Former Reserve Bank Governor Don Brash has placed the blame for the Auckland housing crisis squarely at the feet of the Government, saying prices are three times higher than they should be.
The average price of an Auckland property is approaching $1 million and there are signs the city is starting to bleed workers and young people, who fear they'll never be able to buy a home.
The Government denies it's a crisis, and plans to let councils borrow money to build infrastructure, while Labour is promising a massive Government-led building programme.
On Thursday the Reserve Bank said it was considering tightening lending restrictions to investors (loan-to-value rations, or LVRs) and implementing debt-to-income ratios, but made no immediate changes - inaction criticised by BNZ's chief economist.
But Dr Brash says it's not the Bank's job to keep house prices in check - only the Government and Auckland Council can do that.
"Controlling Auckland house prices is not a Reserve Bank responsibility, and we know from the experience of the last couple of years, changing the LVRs has only a temporary effect on Auckland house prices. It isn't the solution."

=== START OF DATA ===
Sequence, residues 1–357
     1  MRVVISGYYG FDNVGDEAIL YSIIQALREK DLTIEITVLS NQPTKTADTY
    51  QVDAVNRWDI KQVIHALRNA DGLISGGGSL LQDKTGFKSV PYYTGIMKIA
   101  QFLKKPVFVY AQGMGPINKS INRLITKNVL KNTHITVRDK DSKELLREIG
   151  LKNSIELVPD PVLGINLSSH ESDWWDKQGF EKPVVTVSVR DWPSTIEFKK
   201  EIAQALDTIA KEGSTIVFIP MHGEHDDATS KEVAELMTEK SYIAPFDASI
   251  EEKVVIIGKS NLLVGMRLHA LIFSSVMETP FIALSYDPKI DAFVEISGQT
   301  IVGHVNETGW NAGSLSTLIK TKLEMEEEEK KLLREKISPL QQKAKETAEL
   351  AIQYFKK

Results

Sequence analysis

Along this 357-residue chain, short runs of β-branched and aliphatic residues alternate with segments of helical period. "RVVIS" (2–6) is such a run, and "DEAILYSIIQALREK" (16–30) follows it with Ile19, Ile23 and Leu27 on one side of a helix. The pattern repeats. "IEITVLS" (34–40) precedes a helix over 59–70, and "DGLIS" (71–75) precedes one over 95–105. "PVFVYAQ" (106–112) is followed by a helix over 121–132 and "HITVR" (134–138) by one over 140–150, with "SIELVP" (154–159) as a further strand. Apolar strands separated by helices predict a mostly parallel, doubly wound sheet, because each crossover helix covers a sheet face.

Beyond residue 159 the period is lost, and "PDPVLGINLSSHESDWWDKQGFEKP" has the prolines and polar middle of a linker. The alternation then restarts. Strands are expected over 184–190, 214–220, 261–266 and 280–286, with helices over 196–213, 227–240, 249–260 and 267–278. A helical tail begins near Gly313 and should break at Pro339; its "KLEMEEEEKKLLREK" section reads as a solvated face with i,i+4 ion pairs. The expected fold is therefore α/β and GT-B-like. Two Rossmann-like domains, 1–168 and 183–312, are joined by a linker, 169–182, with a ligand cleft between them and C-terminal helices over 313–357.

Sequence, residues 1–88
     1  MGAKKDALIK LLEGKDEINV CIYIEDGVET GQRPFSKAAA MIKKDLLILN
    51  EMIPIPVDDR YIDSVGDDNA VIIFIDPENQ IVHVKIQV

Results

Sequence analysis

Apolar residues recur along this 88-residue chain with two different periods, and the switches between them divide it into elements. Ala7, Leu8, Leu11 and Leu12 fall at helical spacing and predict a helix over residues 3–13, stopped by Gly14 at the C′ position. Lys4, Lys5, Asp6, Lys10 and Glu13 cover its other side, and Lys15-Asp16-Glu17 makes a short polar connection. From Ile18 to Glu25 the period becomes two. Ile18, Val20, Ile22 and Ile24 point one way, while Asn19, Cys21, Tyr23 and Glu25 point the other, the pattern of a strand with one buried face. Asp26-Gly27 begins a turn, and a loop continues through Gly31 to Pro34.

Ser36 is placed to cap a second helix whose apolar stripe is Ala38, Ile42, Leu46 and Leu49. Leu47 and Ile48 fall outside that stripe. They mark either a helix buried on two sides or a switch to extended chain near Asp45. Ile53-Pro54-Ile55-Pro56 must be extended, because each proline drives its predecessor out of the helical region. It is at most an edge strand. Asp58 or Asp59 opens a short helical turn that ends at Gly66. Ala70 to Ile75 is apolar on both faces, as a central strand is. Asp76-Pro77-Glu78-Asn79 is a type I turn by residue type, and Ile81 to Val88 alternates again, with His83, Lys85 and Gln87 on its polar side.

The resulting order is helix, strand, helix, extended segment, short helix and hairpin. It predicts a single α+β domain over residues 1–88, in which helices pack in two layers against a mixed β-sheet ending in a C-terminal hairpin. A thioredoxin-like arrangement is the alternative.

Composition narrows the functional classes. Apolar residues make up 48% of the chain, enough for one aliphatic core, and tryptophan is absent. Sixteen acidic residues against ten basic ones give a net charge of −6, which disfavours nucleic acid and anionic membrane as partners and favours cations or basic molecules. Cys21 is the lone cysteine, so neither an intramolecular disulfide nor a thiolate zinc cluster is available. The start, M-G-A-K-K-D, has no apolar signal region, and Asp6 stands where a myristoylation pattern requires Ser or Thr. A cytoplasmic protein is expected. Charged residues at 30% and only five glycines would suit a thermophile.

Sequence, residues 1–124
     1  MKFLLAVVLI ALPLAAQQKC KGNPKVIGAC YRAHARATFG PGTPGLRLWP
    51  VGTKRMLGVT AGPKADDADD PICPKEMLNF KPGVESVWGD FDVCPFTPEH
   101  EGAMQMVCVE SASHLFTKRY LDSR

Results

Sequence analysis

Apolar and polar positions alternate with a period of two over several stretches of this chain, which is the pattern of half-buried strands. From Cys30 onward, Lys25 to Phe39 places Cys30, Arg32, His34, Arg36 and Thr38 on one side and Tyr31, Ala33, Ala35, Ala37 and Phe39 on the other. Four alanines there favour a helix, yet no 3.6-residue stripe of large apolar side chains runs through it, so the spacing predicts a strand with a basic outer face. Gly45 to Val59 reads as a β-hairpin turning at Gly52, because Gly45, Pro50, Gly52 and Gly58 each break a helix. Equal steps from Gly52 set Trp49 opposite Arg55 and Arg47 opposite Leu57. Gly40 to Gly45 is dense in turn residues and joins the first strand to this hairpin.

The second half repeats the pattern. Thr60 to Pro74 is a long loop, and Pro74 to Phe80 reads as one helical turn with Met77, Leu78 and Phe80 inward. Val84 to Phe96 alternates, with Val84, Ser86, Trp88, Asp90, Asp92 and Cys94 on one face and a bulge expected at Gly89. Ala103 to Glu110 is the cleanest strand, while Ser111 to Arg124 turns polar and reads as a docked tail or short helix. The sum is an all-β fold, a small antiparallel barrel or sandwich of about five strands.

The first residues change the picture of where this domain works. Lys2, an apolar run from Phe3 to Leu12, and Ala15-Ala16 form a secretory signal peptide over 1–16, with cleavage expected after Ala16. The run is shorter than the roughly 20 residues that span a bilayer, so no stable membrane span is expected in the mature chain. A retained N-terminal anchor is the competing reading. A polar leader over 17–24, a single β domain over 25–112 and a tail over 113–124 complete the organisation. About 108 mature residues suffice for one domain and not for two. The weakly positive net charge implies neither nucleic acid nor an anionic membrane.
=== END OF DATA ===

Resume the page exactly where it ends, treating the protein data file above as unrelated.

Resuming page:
Dr Brash led the Bank for 14 years, and says presented with the current situation would have said "pretty much" the same things Deputy Governor Grant Spencer did on Thursday.
Asked how much Auckland houses should cost, he says "about one-third of what they are now", which won't happen without a market crash.
"It's a political issue - no politician, left or right, wants to see Auckland house prices drop by two-thirds. That's the problem. The system is controlled by politicians. Politicians have created a situation where house prices in Auckland are utterly absurd."
He says there's no way to build affordable houses without existing homeowners taking a hit.
"If you can build a house down the street for $300,000, why would you pay $900,000 for a house three miles away? You can't do it."
In addition to creating supply, he says the Government needs to look at migration, which is at record highs - but that might fix itself without any intervention, particularly if the Australian economy booms again.
"All of a sudden the huge influx of New Zealanders will reverse."